CBE Seminar: Charles Schroeder
"Self-assembly and Single Molecule Charge Transport in Conjugated Organic Materials"
A major challenge in organic electronics lies in the development of soft, deformable, and electronically active materials that can readily assemble into hierarchical structures. In this talk, I discuss our recent work on a new class of biohybrid materials and single molecule charge transport in conjugated organic polymers. In the first part of the talk, I discuss the hierarchical assembly of pi-conjugated peptides, which are an interesting class of electronically active biohybrid materials that combine natural polymers (peptides) with synthetic materials (pi-conjugated polymers). In particular, we study the spontaneous assembly and gelation of synthetic peptides containing different pi-conjugated cores (oligothiophene and perylene diimide) and different peptide sequences using a combination of microrheology, optical microscopy, and electron microscopy. Interestingly, we find that pi-conjugated peptides assemble into beta-sheet-rich fiber-like structures only under certain conditions, such that the morphology of the assembled fiber network is tightly controlled by the assembly kinetics and is highly sensitive to the underlying chemical structure of the substituent molecules. An analytical reaction-diffusion model is used to describe the kinetics of the assembly process. Microrheology is combined with in situ confocal fluorescence microscopy and lifetime imaging (FLIM) to characterize the sol-gel transition, and phase diagrams are experimentally determined across a wide range of conditions. In the second part of the talk, we focus on the fundamental mechanisms behind intramolecular charge transport in these materials. We directly measure the conductance of single molecules using a scanning tunneling microscope-break junction technique (STM-BJ). In particular, we characterize the charge transport properties of donor-acceptor polymers and sequence-defined pi-conjugated oligomers (oxazole-containing oligomers), which provides a first-of-its-kind understanding of how the primary monomer sequence affects the electronic properties of these materials. Overall, our work provides new information regarding the charge transport behavior in organic materials, which will be useful for designing new molecular electronic devices.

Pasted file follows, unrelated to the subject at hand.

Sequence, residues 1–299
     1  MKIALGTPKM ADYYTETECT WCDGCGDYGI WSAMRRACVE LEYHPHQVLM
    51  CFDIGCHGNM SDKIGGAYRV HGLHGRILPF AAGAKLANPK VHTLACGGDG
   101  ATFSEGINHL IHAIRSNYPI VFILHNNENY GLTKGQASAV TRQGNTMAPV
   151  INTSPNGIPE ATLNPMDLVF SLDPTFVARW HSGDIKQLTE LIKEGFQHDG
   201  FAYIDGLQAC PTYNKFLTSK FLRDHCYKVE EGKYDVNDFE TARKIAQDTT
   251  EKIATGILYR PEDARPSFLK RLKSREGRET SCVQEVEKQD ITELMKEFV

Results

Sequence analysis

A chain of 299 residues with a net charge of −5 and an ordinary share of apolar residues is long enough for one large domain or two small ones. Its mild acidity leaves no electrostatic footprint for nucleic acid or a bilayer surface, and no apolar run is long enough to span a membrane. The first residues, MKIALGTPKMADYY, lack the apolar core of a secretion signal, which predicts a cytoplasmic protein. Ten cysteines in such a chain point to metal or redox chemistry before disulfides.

BIO: Charles Schroeder is Professor and Ray and Beverly Mentzer Faculty Scholar in the Department of Chemical & Biomolecular Engineering and Co-Leader of the Molecular Science and Engineering Theme in the Beckman Institute for Advanced Science and Technology at the University of Illinois at Urbana-Champaign. He is a member of the Center for Biophysics and Quantitative Biology, with affiliate status in the Department of Materials Science and Engineering, the Department of Chemistry, the Department of Bioengineering, and the Seitz Materials Research Lab. He received his B.S. in Chemical Engineering from Carnegie Mellon University in 1999, followed by an M.S. and Ph.D. in Chemical Engineering at Stanford University in 2005 with Eric Shaqfeh and Steve Chu. Before joining the University of Illinois in 2008, he was a postdoctoral fellow at Harvard University and the UC-Berkeley. Professor Schroeder has been the recipient of several awards, including a Packard Fellowship, a Camille Dreyfus Teacher-Scholar Award, an NSF CAREER Award, the Dean’s Award for Excellence in Research, the Arthur B. Metzner Award from the Society of Rheology, and an NIH Pathway to Independence Award (K99/R00).
Friday, May 10, 2019 at 10:00am to 11:00am
Colburn Lab, 102 CLB
University of Delaware- Colburn Lab, University of Delaware, 150 Academy St, Newark, DE 19716-3196, USA